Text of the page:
Australia: Negotiations to lease: BBB Constructions Pty Ltd V Aldi Foods Pty Ltd [2012] NSWCA 224

In the primary proceedings BBB claimed that Aldi engaged in conduct that was misleading or deceptive or unconscionable and breached the Trade Practices Act 1974 (Cth). Additionally, BBB claimed that Aldi was by reason of equitable estoppel, estopped from resiling from conduct or representations that Aldi would enter into a binding agreement for lease of premises. Furthermore, BBB claimed that Aldi was by reason of equitable estoppel, not able to resile from a common assumption by the parties that Aldi would enter into an agreement for lease of premises.

The primary judge, Justice McDougall found that Aldi did not engage in representations or conduct that was misleading, deceptive or unconscionable.

Justice McDougall rejected BBB's equitable and conventional estoppel claims.

On appeal BBB challenged the primary court's findings on the following grounds:

  • the primary judge took an erroneous view of the nature and effect of Aldi's representations;
  • the primary judge should have determined on the evidence that Aldi's representations and conduct were misleading, deceptive or unconscionable and breached the Trade Practices Act 1974 (Cth);
  • the primary judge should not have found that Aldi's agreement to take a lease was always subject to Aldi board approval; and
  • Aldi had induced BBB into assuming that Aldi would execute an agreement to lease and that Aldi should be estopped from withdrawing from it.

The Court of Appeal unanimously dismissed BBB's appeal and found:

  • BBB was not misled or deceived and that Aldi's conduct was not likely to mislead or deceive;
  • BBB knew and accepted at all times that the purpose of ongoing negotiations was to produce an agreement to lease acceptable to both parties;
  • BBB also knew that Aldi board approval was a pre-condition to any commitment by Aldi;
  • Both parties were commercially sophisticated businesses who employed lawyers and were able to safeguard their own interests. BBB's expenses of constructing a second basement were for its own commercial advantage. Aldi's conduct was not unconscionable;
  • The primary judge was correct in rejecting the equitable estoppel claim as Aldi did not induce BBB into believing Aldi would execute an agreement for lease. Both parties knew there would be no commitment until an agreement for lease was executed and that approval of any document was subject to Aldi board approval. As to the conventional estoppel claim, the only mutual assumption was that negotiations would continue until a final document had been produced and it would then be for each party to make a decision whether to enter into a binding commitment; and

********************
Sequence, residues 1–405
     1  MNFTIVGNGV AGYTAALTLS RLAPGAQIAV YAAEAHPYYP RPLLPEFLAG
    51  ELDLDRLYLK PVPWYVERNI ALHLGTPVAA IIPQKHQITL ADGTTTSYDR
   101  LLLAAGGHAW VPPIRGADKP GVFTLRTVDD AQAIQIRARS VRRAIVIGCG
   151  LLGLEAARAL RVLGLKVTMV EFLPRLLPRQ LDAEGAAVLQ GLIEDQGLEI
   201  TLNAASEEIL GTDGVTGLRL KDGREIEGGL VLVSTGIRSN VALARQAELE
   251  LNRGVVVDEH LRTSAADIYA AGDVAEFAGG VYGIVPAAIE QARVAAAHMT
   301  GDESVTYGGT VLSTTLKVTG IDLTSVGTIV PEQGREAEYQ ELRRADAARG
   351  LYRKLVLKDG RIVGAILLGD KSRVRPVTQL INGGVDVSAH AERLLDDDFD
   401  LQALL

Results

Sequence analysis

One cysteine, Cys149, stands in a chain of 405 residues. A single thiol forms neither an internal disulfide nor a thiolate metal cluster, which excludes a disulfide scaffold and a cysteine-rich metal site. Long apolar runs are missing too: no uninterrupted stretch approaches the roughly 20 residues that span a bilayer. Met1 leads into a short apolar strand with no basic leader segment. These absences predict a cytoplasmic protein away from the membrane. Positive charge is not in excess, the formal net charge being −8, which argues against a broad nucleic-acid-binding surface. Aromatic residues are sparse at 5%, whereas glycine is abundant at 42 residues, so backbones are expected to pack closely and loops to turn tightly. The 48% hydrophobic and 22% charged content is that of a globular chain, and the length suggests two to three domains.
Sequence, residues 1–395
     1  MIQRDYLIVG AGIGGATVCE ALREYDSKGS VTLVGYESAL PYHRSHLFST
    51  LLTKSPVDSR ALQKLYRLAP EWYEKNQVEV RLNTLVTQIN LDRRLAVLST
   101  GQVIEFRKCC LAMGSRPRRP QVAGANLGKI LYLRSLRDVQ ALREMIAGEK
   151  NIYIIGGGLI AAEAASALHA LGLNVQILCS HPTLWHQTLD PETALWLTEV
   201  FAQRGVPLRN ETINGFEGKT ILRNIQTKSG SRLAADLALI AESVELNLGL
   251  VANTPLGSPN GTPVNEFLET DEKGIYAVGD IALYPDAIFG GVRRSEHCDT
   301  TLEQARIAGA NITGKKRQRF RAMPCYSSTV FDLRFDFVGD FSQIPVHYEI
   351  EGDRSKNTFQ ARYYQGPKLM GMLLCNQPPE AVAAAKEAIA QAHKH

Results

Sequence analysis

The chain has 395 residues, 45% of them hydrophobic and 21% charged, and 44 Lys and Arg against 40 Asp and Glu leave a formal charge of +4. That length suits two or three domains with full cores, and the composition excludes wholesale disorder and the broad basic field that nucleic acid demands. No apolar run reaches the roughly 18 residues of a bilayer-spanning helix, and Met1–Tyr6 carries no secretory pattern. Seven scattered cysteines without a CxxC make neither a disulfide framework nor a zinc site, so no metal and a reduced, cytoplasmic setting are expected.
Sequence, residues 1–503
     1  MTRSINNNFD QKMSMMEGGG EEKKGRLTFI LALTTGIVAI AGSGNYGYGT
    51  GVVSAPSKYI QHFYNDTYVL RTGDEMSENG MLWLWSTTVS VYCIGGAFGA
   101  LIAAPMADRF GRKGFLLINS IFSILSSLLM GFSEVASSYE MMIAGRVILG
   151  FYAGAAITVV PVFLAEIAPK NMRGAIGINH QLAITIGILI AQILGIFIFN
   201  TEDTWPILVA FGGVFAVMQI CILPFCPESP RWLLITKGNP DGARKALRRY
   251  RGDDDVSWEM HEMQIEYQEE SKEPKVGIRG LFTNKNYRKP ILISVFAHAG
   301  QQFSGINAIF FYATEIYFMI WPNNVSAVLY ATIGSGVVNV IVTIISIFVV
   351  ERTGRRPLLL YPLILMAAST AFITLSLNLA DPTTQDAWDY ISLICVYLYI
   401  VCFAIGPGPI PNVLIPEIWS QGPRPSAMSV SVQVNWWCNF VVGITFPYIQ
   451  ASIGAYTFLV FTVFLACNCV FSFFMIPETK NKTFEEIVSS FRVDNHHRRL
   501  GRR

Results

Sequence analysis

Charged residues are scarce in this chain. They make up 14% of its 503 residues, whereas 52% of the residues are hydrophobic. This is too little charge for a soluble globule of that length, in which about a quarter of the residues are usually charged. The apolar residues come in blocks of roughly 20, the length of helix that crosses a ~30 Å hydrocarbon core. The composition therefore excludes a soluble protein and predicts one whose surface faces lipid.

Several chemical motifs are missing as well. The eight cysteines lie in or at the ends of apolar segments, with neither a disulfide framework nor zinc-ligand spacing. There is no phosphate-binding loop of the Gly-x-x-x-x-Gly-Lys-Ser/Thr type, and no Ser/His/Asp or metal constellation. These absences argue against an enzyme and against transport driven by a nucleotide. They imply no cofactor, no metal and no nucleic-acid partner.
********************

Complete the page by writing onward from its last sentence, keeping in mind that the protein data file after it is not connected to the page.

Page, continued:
• The Court of Appeal noted the primary judge's comment that if Aldi had made a deliberate decision at some point not to proceed towards completion of the negotiation and then failed to communicate that decision promptly to BBB, so that BBB continued nonetheless to incur expense, Aldi may have engaged in unconscionable conduct.

This NSW Court of Appeal decision has important implications for commercial parties involved in commercial transactions particularly in regard to the following:-

  • During a negotiation between two parties, a party should always consider the impact of commencing negotiations with a third party without first informing the other party that it was originally in negotiations with. For example, if Party A and Party B are in negotiations and Party A wishes to enter into negotiations with Party C, Party A should inform Party B of its intention to enter negotiations with Party C;
  • During negotiations parties should consider when it wishes to be bound by such negotiations. In this case, Aldi stated from the outset that its offer to lease was subject to Aldi board approval;
  • If a party does not intend to be legally bound during the negotiation process then it should explicitly state that it will not be legally bound by any agreement until the exchange of an executed written legal agreement acceptable to both parties;
  • If during negotiations, a party makes a deliberate decision not to proceed towards entering into a formal written agreement and that party communicates such a decision to the other party promptly, it may not constitute unconscionable conduct; and
  • It is important for parties to ensure that they do not make decisions and incur significant expenditure on the basis of an assumption that a formal written agreement will be entered into in the future. Acting upon this assumption poses a substantial risk for parties and parties should ensure that a legally enforceable agreement is exchanged before making important decisions and incurring significant expenditure.

The content of this article is intended to provide a general guide to the subject matter. Specialist advice should be sought about your specific circumstances.

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Daniel O'Brien
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